Out of the 55.5 million married-couple households in the United States, over one out of five of them (21 percent) have at least one spouse born in another country. According to a US Census Bureau report released today, about 13 percent (7.3 million) of married-couple households are comprised of two foreign-born spouses, and the remaining 7 percent have one native-born and one foreign-born spouse.
These data, collected from the American Community Survey, focused only on those couples in which both spouses are present in a household, and not those where one spouse is absent.
Among the mixed-nativity households, the foreign-born spouse was more likely to be the wife (55 percent) than the husband.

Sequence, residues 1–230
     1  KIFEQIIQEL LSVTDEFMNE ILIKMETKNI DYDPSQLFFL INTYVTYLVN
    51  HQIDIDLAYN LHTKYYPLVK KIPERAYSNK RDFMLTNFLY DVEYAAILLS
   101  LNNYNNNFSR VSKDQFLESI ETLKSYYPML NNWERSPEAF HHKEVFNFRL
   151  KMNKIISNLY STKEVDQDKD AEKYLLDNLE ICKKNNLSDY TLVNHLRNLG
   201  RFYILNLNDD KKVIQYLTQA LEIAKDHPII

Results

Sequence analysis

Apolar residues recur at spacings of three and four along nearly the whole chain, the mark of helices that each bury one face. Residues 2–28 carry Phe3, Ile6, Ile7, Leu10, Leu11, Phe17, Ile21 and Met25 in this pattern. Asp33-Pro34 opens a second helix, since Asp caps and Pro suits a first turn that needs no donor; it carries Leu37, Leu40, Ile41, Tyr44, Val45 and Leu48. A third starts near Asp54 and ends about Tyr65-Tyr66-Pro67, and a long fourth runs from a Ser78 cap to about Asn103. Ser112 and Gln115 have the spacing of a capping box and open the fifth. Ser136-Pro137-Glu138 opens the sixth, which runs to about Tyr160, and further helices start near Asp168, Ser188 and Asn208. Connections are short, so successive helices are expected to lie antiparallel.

Geographically, foreign-born spouses in the US are most likely to have been born in Latin America and the Caribbean (40 percent), followed by Europe (26 percent) and Asia (23 percent).
Among the states, Hawaii had the highest percentage of mixed-nativity married-couple households (16 percent); Mississippi, South Dakota and West Virginia each had the lowest percentages (2 percent); and Florida is among the seven US states with between 9 and 11.9 percent.